Trey Colley blog

Money Can’t Buy Happiness – the Lie You Shouldn’t Believe

A popular adage that’s thrown about a lot – particularly by those in a position to judge, a.k.a. the rich – the saying ‘money can’t buy happiness’ is, at best, reductionist, and at worst a downright lie.

While, yes, you may not be able to exchange your dollar bills for happiness directly, money has a huge influence on how happy we are – from reducing stress, to enabling us to do the things that do make us happy.

Here are four reasons why ‘money can’t buy happiness’ isn’t true.

Money = less stress.

In studies conducted over multiple years by the American Psychological Association, money was found to be the top cause of stress for people living in the U.S. Likewise, money-related problems are cited as the main trigger for divorce.

Countless people across the country have to keep a close eye on money in order to make sure they can attend to their most basic needs: feeding themselves, ensuring there’s a roof over their head and avoiding crippling debt.

In other words, they’re worried about surviving – a dent in anyone’s plan to live as happy a life as possible.

While money can’t solve every problem you have, it can eliminate the anxiety associated with barely making ends meet, since you know that anything life throws at you, you can at least deal with financially.

You can afford to do other things.

A plethora of research has shown that hobbies improve mental health, helping to decrease stress, increase dopamine in the brain and even reduce anxiety and depression.

And, the more money you have, the more hobbies you have access to: including activities that provide natural highs such as water sports, or paragliding, which are out of the question for those who are strapped for cash.

More than this, having money means that you can afford to take time off occasionally. So, if there’s a project you’re super passionate about, money buys you the time to work on it – you’re not forced to go to work 365 days a year just to stay afloat.

You can pay to take care of your health.

As well as allowing you to take better care of your physical health, having money provides many more opportunities for taking care of your mental health.

For example, you can afford to go to a therapist to work through unresolved issues that might be taking a toll on your psyche. Or, you could go to a chiropractor or a masseur to release the tension from your body, which simultaneously releases it from your mind.

Practicing self care is vital to our happiness, and it’s significantly easier to do so when you have the funds to back yourself up.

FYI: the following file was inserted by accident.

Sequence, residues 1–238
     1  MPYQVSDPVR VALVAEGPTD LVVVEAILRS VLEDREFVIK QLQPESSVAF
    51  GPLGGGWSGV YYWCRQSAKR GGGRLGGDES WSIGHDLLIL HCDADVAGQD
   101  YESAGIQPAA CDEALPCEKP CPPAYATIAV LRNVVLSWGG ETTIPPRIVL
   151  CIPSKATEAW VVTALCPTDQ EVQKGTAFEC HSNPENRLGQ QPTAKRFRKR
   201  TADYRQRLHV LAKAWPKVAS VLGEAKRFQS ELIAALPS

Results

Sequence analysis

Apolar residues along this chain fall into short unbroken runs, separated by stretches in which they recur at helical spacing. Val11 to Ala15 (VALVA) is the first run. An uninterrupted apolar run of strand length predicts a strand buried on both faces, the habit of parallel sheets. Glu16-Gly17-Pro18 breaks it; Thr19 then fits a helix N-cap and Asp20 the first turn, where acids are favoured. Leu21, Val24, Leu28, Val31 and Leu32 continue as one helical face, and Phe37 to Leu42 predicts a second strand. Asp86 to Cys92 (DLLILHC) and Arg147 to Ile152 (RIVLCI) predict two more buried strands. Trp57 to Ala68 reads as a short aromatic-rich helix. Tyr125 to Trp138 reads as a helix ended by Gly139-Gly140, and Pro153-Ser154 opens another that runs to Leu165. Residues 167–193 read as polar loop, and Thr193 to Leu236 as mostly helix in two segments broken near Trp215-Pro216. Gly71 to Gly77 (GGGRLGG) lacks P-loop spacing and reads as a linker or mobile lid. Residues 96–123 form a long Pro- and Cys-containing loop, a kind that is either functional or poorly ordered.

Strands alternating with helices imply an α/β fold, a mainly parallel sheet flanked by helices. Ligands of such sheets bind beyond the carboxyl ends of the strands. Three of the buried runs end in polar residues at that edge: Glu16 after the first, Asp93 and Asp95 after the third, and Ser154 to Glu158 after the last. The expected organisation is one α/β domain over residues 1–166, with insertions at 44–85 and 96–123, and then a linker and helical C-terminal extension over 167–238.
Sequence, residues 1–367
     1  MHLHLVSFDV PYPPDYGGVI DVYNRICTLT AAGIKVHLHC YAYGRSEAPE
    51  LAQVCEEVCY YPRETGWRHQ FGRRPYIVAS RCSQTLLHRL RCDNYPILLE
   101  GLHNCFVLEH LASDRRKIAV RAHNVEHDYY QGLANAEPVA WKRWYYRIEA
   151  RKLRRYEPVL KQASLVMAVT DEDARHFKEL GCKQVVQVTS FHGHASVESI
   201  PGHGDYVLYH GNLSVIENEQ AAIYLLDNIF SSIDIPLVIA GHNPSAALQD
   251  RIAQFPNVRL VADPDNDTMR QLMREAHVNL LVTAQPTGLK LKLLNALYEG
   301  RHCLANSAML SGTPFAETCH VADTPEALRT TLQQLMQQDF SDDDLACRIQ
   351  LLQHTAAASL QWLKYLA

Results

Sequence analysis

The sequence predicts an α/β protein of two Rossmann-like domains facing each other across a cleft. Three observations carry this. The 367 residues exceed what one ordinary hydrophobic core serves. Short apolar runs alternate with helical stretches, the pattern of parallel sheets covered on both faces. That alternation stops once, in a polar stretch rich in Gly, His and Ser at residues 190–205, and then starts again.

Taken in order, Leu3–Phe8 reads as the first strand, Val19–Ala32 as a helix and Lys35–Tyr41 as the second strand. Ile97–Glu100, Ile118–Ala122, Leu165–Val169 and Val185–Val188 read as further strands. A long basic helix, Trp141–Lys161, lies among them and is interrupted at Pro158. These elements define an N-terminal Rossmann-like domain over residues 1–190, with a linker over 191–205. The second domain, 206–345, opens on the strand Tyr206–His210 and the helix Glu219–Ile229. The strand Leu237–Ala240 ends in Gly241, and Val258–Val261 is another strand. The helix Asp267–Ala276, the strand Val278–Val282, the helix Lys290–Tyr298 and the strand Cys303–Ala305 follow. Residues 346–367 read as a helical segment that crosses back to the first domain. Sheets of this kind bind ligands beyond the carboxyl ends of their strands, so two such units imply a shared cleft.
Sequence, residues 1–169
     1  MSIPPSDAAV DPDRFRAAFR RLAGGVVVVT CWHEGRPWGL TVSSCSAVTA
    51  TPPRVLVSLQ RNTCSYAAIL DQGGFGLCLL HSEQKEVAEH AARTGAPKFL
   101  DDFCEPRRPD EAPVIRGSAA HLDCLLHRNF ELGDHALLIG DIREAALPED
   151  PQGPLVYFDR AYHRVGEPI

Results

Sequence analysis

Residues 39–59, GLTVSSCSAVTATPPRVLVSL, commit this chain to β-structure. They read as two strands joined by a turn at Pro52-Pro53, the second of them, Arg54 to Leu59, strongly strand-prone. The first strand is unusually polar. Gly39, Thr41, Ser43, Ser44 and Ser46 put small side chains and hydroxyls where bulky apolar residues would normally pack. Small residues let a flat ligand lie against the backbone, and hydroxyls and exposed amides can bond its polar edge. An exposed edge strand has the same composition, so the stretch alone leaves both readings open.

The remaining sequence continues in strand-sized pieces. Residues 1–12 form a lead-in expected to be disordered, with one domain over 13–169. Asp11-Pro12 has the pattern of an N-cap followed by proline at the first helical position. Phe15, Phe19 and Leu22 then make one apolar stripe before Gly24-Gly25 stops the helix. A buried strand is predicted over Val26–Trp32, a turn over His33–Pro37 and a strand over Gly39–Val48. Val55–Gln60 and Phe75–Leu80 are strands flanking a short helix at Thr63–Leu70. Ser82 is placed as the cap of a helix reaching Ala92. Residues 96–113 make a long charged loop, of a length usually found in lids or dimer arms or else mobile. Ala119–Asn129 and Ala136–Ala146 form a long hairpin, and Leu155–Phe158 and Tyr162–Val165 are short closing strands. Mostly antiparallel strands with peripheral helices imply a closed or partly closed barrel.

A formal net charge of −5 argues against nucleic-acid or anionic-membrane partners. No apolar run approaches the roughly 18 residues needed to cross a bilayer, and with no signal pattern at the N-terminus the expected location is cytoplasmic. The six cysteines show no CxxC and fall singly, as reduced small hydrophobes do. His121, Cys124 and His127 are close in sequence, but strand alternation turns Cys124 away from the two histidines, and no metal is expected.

You can travel more.

Research conducted by Washington State University found that people who travelled several times a year were – on average – 7% happier than people who didn’t.

Unfortunately, for those without a significant amount of disposable income, travelling more than once a year – or even at all – is out of the question, as many Americans struggle to cope with the costs of their most basic needs.

Then why do people say it?

There are a couple of reasons why someone might say ‘money can’t buy you happiness’ if you express to them your ambitions to become rich.

For one, if you’re talking to someone who doesn’t have a lot of money, they may be saying it to discourage you from following a path that could put you in a better position than them financially – even if they’re doing this subconsciously.

Or, if the person telling you that money can’t buy happiness actually has money, they may have a couple of motivations.

Unfortunately, many – though not all – people with wealth don’t necessarily want you to get rich.

In their eyes, the fewer at the top the better, so their success and riches look even more impressive by comparison and they don’t have to worry about new competition.

Let’s also remember that there are countless factors that can contribute to a person’s unhappiness (not just a lack of money) and that the lives of the rich can also be a mess, filled with personal or work problems that can similarly make them miserable.

In these cases, of course money can’t buy happiness – because the source of their unhappiness is completely unrelated to their wealth.

However, what these people neglect to consider is that, because they have money, it’s one less thing they have to feel stressed and unhappy about, and that for some people, money would solve literally all of their problems.

More Adventures